Nambour Museum volunteers heartbroken after robbery
NAMBOUR Museum volunteers have been left heartbroken after the theft of equipment worth thousands of dollars.
Thieves helped themselves to more than $12,000 worth of gear, including a Honda lawn mower, Honda brush cutter, 12cfm air compressor, Stihl pressure cleaner, computer, LCD TVs, Makita power tools and a large quantity of mechanical tools.
Donation tins from around the museum also were taken.
Museum president Clive Plater said the robbery had occurred between noon on Sunday, August 10, and noon last Wednesday.
Mr Plater said the TVs had been removed from their mounts on the walls, but he was pleased the thieves had not done other damage.
"It would've taken two strong blokes to lift up the compressor and carry that out," he said.
"We were gearing up to paint the Shay Locomotive, which is our restoration project at the moment. But without that compressor, we can't do anything.
"The museum is totally operated by volunteers and without this equipment and tools, we cannot carry out ground maintenance or work on our restoration projects.
"A lot of effort went into raising the money to purchase these items over the past few years and we are as yet unsure how much our insurance will cover."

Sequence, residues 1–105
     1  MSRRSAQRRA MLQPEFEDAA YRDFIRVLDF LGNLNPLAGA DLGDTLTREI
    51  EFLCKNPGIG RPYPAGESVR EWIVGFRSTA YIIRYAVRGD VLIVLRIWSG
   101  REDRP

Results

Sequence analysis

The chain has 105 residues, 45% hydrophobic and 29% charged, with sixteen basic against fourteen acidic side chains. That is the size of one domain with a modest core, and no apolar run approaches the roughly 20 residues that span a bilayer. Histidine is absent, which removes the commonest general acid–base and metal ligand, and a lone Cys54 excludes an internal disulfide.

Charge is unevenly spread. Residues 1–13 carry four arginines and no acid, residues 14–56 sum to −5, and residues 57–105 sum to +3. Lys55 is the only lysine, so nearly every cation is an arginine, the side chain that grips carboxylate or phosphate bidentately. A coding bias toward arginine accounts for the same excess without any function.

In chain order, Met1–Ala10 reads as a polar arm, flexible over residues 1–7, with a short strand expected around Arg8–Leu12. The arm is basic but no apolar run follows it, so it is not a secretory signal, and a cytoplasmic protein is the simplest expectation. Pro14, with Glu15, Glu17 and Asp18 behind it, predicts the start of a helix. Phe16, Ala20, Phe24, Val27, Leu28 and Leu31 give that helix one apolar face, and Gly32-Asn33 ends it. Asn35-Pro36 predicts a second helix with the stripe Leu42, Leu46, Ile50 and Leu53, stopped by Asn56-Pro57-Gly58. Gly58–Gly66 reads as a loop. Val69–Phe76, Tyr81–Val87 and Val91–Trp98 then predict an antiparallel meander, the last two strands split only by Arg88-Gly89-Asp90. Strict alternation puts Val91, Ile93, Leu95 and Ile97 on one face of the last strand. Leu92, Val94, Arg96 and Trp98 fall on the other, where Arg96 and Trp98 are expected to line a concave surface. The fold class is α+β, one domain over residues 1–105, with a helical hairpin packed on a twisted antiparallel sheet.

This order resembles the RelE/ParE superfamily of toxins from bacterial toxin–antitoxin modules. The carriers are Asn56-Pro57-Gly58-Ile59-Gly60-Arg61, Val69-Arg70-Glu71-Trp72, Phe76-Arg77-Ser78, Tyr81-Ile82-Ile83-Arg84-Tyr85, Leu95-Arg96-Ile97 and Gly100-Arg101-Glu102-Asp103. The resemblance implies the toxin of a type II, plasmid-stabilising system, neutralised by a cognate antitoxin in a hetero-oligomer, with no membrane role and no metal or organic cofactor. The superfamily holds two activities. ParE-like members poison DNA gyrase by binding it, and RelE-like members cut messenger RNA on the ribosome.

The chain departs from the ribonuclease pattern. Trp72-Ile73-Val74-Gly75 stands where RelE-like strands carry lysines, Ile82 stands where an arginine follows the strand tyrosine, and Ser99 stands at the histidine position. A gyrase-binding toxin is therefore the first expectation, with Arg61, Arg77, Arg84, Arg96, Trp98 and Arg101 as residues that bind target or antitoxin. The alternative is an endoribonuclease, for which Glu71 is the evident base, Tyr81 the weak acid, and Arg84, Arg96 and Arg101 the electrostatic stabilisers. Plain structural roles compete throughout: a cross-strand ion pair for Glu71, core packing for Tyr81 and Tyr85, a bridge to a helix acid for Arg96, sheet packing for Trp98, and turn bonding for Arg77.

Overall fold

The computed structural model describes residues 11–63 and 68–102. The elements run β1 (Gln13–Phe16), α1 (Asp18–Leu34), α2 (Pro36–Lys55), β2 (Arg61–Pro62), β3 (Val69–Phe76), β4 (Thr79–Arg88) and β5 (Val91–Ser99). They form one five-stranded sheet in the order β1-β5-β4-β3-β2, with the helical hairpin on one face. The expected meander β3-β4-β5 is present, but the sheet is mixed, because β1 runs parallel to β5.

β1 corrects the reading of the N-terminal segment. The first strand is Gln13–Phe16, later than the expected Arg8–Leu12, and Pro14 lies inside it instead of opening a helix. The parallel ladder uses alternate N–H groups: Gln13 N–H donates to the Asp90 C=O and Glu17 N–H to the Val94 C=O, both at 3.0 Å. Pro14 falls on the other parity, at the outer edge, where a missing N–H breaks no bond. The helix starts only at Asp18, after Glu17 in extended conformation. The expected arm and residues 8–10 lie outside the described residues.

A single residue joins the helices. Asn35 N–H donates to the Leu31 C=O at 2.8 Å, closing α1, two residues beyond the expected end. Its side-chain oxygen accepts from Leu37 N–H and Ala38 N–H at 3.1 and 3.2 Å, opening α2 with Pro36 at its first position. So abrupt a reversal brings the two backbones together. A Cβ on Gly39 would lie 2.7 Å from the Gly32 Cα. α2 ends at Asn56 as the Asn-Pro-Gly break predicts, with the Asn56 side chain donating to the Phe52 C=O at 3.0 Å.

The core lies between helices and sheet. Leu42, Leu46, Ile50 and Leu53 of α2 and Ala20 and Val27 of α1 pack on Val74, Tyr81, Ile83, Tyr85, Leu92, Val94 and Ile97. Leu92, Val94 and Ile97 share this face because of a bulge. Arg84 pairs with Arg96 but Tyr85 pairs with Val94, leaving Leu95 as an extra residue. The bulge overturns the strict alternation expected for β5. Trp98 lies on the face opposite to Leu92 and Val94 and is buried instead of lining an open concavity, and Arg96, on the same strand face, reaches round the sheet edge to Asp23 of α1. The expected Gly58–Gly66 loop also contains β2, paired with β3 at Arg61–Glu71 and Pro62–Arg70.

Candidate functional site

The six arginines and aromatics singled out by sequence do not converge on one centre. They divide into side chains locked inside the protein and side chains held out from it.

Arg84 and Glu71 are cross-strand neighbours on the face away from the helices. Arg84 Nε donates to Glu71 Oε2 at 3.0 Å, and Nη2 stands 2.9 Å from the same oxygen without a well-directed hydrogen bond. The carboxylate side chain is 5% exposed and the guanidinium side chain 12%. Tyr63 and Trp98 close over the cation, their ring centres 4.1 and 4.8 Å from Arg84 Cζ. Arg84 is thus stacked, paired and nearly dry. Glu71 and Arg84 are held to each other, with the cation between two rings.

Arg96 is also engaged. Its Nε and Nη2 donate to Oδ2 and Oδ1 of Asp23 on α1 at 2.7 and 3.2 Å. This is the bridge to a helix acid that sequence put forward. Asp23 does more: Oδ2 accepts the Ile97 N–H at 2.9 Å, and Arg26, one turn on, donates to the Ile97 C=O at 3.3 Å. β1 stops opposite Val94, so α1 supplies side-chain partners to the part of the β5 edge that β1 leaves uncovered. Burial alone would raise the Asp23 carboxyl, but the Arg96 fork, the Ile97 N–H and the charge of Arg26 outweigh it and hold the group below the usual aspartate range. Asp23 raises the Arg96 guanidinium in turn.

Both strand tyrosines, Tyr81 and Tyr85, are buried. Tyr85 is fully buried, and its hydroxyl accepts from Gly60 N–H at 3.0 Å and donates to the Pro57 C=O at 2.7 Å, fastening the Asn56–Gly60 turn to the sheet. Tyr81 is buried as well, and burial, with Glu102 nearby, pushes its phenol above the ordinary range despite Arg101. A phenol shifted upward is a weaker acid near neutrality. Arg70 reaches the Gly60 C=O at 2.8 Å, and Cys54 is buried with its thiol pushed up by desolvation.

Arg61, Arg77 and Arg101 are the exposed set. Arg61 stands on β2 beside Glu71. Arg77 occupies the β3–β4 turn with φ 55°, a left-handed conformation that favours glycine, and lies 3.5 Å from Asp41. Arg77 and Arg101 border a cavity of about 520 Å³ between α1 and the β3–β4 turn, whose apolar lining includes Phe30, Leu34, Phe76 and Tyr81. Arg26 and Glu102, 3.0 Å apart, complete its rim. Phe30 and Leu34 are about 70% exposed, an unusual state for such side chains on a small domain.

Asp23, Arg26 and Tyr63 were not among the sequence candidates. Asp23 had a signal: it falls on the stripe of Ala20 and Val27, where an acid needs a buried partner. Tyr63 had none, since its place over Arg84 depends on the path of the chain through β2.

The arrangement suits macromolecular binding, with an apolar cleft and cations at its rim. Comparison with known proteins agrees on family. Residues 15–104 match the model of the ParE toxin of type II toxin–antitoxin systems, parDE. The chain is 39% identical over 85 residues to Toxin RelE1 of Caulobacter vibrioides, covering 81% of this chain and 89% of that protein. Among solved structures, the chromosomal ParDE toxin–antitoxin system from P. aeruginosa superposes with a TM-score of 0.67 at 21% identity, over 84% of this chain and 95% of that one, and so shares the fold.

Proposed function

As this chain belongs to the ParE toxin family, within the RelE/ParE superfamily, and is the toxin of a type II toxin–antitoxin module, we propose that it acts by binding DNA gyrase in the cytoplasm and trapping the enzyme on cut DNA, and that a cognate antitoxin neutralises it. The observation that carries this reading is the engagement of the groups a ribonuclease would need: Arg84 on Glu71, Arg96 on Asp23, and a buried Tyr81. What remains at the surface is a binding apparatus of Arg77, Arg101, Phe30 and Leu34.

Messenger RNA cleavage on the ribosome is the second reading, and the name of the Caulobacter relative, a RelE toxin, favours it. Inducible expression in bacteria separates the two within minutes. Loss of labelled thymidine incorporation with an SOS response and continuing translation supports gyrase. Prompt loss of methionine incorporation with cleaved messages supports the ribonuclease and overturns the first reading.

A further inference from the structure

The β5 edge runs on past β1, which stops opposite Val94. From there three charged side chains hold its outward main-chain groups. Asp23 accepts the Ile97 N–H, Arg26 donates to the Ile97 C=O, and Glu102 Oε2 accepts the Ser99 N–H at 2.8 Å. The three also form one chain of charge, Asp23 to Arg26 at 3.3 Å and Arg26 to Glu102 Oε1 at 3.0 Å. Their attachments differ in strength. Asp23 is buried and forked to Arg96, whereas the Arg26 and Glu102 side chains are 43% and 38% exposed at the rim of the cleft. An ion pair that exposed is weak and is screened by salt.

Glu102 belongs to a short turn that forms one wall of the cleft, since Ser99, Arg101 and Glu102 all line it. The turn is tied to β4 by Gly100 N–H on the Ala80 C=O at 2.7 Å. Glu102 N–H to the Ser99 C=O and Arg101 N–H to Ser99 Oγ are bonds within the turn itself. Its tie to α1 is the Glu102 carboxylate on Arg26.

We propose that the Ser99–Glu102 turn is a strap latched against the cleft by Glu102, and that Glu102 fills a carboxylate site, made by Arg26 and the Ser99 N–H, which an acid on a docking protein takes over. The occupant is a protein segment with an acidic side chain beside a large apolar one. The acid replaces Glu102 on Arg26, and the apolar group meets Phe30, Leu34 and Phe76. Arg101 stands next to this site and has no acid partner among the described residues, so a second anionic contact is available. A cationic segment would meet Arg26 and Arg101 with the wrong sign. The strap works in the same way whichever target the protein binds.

Police dusted for fingerprints at the museum last Wednesday and a police media spokeswoman said investigations were continuing.
Mr Plater said the robbery was a bad knock to the morale of the 20 volunteers who regularly gave their time to run and maintain the Nambour centre.
"We have jumped through all sorts of hoops to get the grants to buy these things in the first place," he said.
"Volunteers are hard to come by as it is, but when they turn up and they've got nothing to work on, it makes it harder."
Mr Plater, who had all of the tools engraved with either Nambour Museum or the initials NM, holds a glimmer of hope for their return.
If you have come across the engraved tools or have any information that can assist police with their investigations, call Crime Stoppers on 1800 333 000.